Macroscopically, on day 14 post-colitis induction, mice in the untreated colitis group exhibited inflammation mainly in the distal colon with distal part constrictive and proximal part dilated. The lesions were characterized by mucosal hyperemia and ulceration. In the ERC treated group, obvious bowel dilation was not observed, and the length of colon was significantly longer than that of untreated colitis mice (*p < 0.05, Figure 2A). Meanwhile, mucosal hyperemia and edema were relieved, and the ulceration was almost healed (data not shown). Microscopically, in the colon collected from normal mice, intact epithelium and crypts were observed, with intestinal glands arranged in order, abundant goblet cells and few inflammatory cell infiltration. The pathology in untreated group showed severe inflammatory changes, characterized by damaged epithelium and crypts structure, glandular disorder, little goblet cell regeneration, and massive inflammatory cell infiltration into the mucosa and submucosa (Figure 2B). Whereas in the ERC treated group, mouse colon presented an improved structure of epithelium and crypts, with much less inflammatory cell infiltration but more regenerative goblet cells. In addition, the histopathological scores in ERC-treated group were significantly lower than that of untreated group (*p < 0.05), suggesting the less injury in the colon following ERC treatment.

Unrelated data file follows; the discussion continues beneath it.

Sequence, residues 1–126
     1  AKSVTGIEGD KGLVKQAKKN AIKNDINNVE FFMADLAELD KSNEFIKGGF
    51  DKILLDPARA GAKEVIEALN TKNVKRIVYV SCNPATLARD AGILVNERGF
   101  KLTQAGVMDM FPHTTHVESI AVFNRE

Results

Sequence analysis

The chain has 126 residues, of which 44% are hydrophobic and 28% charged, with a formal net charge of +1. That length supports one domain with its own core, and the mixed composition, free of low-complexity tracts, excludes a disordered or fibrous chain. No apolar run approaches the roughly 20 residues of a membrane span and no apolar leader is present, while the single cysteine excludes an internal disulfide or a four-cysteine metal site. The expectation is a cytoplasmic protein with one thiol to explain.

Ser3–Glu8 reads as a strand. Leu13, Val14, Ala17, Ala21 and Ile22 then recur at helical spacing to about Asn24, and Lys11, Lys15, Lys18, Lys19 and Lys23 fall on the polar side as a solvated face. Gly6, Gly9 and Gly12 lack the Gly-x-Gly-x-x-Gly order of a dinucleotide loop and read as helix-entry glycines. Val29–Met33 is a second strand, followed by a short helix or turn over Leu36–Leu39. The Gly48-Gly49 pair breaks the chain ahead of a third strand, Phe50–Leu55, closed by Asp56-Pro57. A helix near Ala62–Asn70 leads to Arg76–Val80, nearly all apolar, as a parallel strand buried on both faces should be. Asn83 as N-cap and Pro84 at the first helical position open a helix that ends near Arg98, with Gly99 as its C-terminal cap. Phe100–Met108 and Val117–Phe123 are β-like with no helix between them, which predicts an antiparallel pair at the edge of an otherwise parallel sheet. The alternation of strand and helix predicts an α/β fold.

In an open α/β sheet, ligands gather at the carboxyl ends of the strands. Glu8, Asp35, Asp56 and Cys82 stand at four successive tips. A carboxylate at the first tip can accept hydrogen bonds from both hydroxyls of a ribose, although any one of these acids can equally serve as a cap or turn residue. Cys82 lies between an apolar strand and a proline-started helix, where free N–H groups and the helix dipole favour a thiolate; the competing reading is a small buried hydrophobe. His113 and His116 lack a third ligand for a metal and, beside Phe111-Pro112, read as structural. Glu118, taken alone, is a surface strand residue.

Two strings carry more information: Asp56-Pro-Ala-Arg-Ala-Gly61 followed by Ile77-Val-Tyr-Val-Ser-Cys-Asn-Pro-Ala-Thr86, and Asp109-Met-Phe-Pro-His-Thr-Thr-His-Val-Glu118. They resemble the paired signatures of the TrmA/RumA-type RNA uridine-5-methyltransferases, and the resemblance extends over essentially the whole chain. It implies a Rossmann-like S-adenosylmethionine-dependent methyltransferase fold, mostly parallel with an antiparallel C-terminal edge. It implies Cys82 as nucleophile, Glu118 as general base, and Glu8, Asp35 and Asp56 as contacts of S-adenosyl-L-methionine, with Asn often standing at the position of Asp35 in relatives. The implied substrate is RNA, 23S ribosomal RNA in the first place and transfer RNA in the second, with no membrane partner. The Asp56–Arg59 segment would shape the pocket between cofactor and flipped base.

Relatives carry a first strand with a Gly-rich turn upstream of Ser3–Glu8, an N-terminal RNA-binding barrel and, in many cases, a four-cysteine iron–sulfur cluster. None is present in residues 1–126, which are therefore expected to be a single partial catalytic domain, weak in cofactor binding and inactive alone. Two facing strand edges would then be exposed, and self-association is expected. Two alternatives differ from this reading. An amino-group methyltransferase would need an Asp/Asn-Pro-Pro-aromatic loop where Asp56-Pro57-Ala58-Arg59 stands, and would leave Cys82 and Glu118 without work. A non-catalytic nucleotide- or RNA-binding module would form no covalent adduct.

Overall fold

Figure 2

ERCs attenuate the pathological changes of experimental colitis. A) The length of mouse colon from normal, untreated and ERC-treated groups. *p < 0.05, ERC-treated group vs. untreated group. B) Representative photomicrographs (200×, haemotoxylin and eosin staining) of histological sections of colon from normal, untreated and ERC-treated groups. Overall histology scores in the normal, untreated and ERC-treated groups (n = 8 mice per group). *p < 0.05, ERC-treated group vs. untreated group.